All three lead performances are exceptional with special mention to Zacharie Chasseriaud, whose expressive heart-shaped face and responses make for a special connection. Our journey follows that of the boys who gradually take charge of their own destiny, making them giants in their own story.
Review by Andrew L. Urban:
Filmmaker Bouli Lanners might have been tempted to use Morgana King's heartbreakingly simple and soulful version of the old Negro spiritual, 'Sometimes I feel ... like a motherless child' but he didn't; he opted for the bony music of The Bony King of Nowhere, whose plaintive guitar plucking adds poignancy to the images. Brothers Seth (Martin Nissen) 15 and Zak (Zacharie Chasseriaud) 13 3/4, are at a loss, without a parent in sight. Mother rings once or twice on Zak's little mobile to offer another excuse for not coming to get them. No sign of dad. Grandpa is dead.
Out in the gorgeous, verdant Wallone countryside of central Belgium, where the river runs right through the forest and where cornfields hide the boys when required, the boys must fend for themselves against both nature and man. Adults, that is. They rent grandpa's house to crooks with Russian connections and are swindled. But not all the adults they meet are reprobates; a kindly woman (lovely Marthe Keller) with a down syndrome daughter takes them in for a while, while nature is not so kind to them.
But they are kids and they make the best of it. They have fun despite their plight, whether plundering the bathroom of a holiday home and making a party of the make up and hair bleach, or pigging out on pizza with hot sauce (for better sexual satisfaction, boasts Zak).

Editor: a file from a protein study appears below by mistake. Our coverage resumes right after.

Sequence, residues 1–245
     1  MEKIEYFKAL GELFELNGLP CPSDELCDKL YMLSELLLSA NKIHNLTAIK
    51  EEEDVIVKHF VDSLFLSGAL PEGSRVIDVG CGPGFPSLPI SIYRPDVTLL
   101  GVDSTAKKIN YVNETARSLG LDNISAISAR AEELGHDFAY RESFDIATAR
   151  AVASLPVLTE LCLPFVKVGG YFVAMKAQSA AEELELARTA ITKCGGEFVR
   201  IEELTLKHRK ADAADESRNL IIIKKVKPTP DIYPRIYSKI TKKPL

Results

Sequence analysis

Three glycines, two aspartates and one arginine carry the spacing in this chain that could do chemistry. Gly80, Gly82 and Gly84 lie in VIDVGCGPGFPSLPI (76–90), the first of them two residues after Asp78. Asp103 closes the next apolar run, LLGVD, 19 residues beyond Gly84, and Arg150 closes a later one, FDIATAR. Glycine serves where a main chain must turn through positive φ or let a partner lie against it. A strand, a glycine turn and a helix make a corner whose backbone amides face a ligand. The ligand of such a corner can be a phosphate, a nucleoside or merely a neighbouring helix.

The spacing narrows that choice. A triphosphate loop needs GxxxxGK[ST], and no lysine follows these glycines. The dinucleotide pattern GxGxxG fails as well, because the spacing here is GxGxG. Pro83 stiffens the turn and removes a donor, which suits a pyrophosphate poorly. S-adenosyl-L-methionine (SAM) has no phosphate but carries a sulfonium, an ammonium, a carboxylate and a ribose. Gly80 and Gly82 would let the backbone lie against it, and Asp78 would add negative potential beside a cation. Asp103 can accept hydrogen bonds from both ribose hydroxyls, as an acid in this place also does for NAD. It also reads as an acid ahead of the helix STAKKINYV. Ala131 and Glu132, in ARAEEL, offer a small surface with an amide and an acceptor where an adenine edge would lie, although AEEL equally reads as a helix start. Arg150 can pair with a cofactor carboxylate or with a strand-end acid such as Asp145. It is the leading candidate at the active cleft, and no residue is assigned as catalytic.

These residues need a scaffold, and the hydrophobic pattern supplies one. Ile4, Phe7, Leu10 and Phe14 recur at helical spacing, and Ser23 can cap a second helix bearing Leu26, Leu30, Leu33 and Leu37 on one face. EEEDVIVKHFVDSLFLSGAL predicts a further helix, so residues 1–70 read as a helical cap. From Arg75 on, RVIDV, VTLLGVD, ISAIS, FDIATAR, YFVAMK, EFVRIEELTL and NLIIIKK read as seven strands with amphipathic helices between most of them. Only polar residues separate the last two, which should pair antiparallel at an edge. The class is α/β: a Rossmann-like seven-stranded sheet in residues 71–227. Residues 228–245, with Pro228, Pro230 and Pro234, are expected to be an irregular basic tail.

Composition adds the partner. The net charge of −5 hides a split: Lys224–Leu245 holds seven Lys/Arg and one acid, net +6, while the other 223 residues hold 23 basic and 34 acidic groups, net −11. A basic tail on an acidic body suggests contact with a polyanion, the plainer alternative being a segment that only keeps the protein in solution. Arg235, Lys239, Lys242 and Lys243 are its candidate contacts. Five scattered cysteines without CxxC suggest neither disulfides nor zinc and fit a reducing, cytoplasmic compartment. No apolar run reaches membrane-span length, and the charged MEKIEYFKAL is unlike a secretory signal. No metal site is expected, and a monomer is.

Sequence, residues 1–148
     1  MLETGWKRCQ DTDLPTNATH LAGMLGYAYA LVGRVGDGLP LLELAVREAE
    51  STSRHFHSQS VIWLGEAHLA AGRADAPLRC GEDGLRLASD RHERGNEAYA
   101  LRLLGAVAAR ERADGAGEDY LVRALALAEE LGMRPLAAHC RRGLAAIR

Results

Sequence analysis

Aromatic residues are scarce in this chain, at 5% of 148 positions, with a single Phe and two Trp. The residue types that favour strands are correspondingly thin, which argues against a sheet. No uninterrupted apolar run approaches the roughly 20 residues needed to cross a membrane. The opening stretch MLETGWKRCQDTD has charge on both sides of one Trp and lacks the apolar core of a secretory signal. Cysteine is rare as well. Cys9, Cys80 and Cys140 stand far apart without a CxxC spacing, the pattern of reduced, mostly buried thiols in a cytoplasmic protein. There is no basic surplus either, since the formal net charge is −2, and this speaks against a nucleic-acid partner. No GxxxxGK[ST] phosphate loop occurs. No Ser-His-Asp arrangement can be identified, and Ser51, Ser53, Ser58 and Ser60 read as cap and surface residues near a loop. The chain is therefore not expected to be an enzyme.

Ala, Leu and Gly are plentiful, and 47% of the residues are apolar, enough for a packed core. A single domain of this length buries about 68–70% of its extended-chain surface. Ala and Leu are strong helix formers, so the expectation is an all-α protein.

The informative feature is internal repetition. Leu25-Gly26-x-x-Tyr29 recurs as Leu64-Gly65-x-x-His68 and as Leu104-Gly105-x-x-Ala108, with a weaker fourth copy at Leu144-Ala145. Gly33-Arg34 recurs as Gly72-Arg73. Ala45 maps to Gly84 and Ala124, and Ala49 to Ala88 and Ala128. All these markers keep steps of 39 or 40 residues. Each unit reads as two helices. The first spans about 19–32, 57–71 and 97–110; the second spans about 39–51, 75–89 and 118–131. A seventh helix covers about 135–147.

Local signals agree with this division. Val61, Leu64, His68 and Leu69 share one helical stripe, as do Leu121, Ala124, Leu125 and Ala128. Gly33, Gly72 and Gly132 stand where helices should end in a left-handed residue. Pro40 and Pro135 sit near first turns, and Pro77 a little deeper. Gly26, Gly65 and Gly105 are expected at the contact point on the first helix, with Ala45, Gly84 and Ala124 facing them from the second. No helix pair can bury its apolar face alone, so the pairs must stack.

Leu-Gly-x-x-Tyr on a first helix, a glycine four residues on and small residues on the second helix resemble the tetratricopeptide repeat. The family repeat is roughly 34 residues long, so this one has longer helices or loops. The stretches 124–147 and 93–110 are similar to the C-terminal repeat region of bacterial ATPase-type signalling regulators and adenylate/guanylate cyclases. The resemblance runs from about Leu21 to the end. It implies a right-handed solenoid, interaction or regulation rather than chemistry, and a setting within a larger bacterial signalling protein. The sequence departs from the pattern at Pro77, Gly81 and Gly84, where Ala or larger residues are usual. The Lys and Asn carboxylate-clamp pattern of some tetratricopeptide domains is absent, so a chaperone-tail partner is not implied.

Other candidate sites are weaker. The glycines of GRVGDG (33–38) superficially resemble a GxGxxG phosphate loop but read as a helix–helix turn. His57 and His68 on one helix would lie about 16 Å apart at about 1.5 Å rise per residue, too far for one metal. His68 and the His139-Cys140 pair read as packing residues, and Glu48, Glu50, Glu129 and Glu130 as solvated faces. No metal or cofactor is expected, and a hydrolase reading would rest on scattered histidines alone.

For all the boisterous fun, Zak is forever missing his mum, and Zacharie Chasseriaud delivers a superb performance with every emotion subtly but clearly visible on his face.
The journey of these three giants to the realisation that they are after all, alone in this world and must face it together is what the film is about. It's contemplative and slow (for the most part) with a couple of short bursts of violence when Angel menaces his brother and the friends.
All the cast make an impression - for good or baddie - and Gwen Berrou is especially haunting as the floozy amongst the crims.
The Giants is a festival film (it featured in Directors Fortnight at Cannes, for example, where it won a couple of awards), by which I mean it is for discerning movie palates, prepared to go with the flow of the leisurely pace that contrasts with the intensity. It's not mainstream cinema - although our survivors still 'sail off into the sunset'.
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GIANTS, THE (PG)
CAST: Martin Nissen, Zacharie Chasseriaud, Paul Bartel, Marthe Keller, Karim Leklou, Didier Toupy
PRODUCER: Jacques-Henri Bronckart, Jani Thiltges
DIRECTOR: Bouli Lanners
SCRIPT: Bouli Lanners, Elise Ancion
CINEMATOGRAPHER: Jean-Paul de Zaetijd
EDITOR: Ewin Ryckaert
MUSIC: The Bony King of Nowhere
RUNNING TIME: 84 minutes
AUSTRALIAN DISTRIBUTOR: Palace
AUSTRALIAN RELEASE: November 1, 2012 (Sydney, Melbourne, Brisbane)
RIVERSIDE SCREEN PREMIERES
A program of premiere screenings of new movies prior to their commercial release
on 6 consecutive Tuesdays, starts February 17, 2015 at Riverside Theatre,
Curated & presented by Andrew L. Urban, discussion to
follow with special guests. Briefing notes provided.